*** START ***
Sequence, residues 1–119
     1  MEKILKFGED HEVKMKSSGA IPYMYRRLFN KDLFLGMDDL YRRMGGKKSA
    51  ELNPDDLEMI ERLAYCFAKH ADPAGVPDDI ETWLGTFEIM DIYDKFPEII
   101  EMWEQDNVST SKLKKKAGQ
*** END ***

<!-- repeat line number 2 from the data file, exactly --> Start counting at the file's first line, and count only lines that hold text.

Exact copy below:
     1  MEKILKFGED HEVKMKSSGA IPYMYRRLFN KDLFLGMDDL YRRMGGKKSA